I was sitting around a campfire in southern New South Wales on a warm spring night a couple years back when something crashed right into my face, bounced off and into the outer perimeter of the fire. I fished the offending object out with a stick and discovered that it was a giant moth; a bogong moth to be precise. The heat had killed it. I rolled it back into the coals for a few seconds before retrieving it and popping it into my mouth for a bite. It tasted great. I don’t know why I did that, it happened a bit instinctively I guess. The friend I was with was pretty surprised but when he saw how I was enjoying it he was quick to ask if he could have a bite too.

People living in Sydney and Canberra, or around and in between, may have noticed that these same large moths (wingspan of 4-5 cm) have been descending on their cities and towns over the last month. The annual bogong moth migration is underway and, in fact, this year’s migration was the earliest recorded since 1986.

Bogong moth on wall

Bogong moth, Agrotis infusa. Image: Donald Hobern, Atlas of Living Australia

Each year in spring bogong moths (sometimes incorrectly referred to as ‘bogan’ moths – a bogan is an entirely different beast, I can assure you) fly to the high country of the Snowy Mountains in southern New South Wales and the Victorian Alps. They are fleeing their winter breeding areas, places like the Darling Downs of Queensland, the western slopes and plains of NSW and the drier inland regions of Victoria, which become harsh hot environments through the summer. They spend the summer sleeping in rock crevices and caves in the highlands and in autumn return to their breeding places once again.

large group of moths gathered on the wall of a building

Bogong moths shelter on a building in Sydney during the day. The moths sleep in clusters with a roof tile-like formation. Image: jjprojects/Flickr

When migrating they fly at night and shelter in dark crevices through the day. They are attracted by light, which affects their navigation and causes all sorts of interesting conundrums in the well lit cities and towns that these travellers pass through along the way. In 1988, the moths invaded the newly completed Parliament House in great numbers and every year since the lights have been dimmed during spring to lessen the onslaught.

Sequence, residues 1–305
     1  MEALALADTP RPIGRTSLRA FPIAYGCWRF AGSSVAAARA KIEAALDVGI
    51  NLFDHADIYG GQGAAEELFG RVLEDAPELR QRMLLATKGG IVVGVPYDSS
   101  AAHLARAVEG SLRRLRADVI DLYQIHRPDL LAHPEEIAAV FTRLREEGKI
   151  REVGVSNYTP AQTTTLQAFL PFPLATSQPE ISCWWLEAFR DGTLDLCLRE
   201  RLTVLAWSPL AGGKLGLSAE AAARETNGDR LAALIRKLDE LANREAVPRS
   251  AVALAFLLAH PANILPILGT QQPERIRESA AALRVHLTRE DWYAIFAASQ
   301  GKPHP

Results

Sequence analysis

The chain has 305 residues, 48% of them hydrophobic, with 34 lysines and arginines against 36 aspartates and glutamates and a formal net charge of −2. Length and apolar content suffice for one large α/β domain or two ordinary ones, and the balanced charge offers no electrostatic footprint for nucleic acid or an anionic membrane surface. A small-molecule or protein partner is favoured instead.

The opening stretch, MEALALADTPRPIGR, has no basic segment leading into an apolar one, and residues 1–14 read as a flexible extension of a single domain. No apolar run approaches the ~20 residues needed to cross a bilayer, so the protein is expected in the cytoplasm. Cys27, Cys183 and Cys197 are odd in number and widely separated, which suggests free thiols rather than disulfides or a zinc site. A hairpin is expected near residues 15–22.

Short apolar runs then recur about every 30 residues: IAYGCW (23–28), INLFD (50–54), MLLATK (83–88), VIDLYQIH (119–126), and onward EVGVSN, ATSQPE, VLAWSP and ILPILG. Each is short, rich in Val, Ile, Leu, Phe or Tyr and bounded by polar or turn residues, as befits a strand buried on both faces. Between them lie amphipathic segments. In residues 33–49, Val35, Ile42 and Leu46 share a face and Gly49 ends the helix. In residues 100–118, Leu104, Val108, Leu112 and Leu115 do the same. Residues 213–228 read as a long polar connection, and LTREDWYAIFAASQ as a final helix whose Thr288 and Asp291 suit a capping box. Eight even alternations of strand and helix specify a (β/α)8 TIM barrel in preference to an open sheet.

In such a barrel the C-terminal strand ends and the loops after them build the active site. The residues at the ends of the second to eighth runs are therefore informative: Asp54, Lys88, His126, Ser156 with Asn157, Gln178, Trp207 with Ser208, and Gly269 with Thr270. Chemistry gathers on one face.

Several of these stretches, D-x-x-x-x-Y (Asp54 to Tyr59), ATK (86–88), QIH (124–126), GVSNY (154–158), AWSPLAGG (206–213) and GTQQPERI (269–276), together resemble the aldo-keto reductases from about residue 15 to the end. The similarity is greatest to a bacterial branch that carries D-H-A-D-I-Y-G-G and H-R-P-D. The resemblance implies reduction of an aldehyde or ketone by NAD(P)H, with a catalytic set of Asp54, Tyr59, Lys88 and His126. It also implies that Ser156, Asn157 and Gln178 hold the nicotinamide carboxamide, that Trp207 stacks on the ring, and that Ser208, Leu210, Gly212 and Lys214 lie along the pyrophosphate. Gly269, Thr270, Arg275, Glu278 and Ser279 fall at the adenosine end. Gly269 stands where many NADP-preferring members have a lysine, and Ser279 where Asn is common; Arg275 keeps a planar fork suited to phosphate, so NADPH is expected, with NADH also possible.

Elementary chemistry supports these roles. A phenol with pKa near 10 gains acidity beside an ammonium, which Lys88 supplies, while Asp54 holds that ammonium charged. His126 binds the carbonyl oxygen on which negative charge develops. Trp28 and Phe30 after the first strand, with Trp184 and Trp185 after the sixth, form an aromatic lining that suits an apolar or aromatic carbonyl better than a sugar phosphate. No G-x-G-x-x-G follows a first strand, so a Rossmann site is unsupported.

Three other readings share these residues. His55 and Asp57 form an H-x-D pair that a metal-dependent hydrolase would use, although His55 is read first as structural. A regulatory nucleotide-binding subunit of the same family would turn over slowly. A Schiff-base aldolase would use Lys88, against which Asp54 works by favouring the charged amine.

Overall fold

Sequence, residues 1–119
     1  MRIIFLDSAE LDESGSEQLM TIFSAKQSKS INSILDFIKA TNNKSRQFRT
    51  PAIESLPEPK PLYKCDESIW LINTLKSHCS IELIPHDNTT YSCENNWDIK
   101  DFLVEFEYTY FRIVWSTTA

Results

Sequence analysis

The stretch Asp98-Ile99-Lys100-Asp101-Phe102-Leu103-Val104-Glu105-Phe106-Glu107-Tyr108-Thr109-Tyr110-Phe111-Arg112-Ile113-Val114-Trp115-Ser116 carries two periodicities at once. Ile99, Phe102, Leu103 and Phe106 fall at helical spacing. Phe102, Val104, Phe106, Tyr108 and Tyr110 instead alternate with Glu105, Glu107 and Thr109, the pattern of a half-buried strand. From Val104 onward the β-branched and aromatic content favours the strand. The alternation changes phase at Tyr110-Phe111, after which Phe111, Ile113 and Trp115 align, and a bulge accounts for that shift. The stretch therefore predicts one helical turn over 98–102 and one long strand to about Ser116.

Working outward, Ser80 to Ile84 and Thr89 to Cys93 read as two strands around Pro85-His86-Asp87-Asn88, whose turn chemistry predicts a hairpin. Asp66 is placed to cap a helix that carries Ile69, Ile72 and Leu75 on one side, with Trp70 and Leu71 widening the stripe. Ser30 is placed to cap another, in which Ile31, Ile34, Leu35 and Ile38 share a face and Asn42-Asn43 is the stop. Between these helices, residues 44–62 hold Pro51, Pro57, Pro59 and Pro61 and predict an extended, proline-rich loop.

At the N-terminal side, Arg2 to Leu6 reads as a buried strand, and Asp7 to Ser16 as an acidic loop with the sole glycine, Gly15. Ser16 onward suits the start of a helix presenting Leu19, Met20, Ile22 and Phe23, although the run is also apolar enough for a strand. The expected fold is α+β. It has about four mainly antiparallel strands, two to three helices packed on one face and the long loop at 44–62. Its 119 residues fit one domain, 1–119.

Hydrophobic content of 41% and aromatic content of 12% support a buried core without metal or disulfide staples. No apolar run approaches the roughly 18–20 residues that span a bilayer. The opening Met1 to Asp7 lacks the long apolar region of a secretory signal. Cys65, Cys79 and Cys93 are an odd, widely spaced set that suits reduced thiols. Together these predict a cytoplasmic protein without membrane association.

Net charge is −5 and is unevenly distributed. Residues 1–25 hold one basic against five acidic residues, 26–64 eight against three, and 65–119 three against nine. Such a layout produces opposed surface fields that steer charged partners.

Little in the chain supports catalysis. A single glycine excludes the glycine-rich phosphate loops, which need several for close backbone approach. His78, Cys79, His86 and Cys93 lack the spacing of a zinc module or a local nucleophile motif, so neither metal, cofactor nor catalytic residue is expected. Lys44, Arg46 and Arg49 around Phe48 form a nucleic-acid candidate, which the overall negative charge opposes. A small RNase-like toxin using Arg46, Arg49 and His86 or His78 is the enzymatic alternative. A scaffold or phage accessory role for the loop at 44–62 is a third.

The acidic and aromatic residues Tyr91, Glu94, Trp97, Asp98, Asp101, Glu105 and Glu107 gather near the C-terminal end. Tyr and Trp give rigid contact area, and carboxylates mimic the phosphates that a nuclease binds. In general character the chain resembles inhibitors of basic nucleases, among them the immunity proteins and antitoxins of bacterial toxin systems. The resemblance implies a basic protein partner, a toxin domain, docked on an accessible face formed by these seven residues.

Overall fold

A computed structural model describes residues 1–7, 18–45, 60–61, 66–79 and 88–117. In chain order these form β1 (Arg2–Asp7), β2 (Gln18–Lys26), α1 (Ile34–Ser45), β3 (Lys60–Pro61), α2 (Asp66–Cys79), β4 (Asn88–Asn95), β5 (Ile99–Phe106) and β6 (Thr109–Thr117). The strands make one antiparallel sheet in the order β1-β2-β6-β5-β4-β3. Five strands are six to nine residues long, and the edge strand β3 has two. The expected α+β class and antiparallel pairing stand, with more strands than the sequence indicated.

No doubt it was the campfire light that delivered my bogong treat that spring night, which regrettably is still the only moth I have eaten. My typically bogong-free diet is in stark contrast to my Wiradjuri ancestors though. When I was living in Canberra, Ngambri Elder Shane Mortimer (whose family has a fascinating place in Canberra’s history) told me how Wiradjuri people, as well as other neighbouring groups, gathered in the region and feasted on the migrating moths in years gone by. Bogongs are a great source of protein and so were an important bush tucker.

I’m not exactly sure how my ancestors prepared the bogong but I can certainly recommend a light roasting on hot coals.


  1. Hoi

  2. Hi Chris, Nice article. Sorry to have to say that the Kirsty Komuso image is of a Hawk Moth. Too bad, because it’s a nice image.

    1. Oh no! I was actually wondering if it was really a bogong but I don’t have the expert eyes to tell them apart. Thanks for the pickup Kim, I obviously needed you! I’ll let her know on Flickr and I’ll go searching for a real bogong.

  3. Hi Chris, my cat seems to find them absolutely delicious as well! Each night over the last week he heads to the bathroom or laundry (this is where they seem to get it) and catches them for a snack. He doesn’t seem to mind them raw (rather than lightly roasted).

    1. Raw, what an animal! 😉 It seems they make a good meal for many. The folks at Parliament House tell us that their resident crows go wild for them.

  4. What an absolutely wonderful and informative email, Chris, thank you! These moths would have to be one of the longest lived in Australia, wouldn’t they? What do they eat to stay alive for such a long period?

    1. Thanks Shazz. Actually, they only live for one year – just long enough to complete the cycle by returning to their breeding grounds and laying the eggs that become the next generation (those that make it back alive that is). They clock up a lot of kms in that time. The moths feed on nectar and can be seen on flowering gum trees and Grevillea. They eat ravenously to store up enough fat reserves to last them through the summer (up to 60% of their body weight). As larvae they’re know as cut worms because they cut plants off at ground level to eat them.

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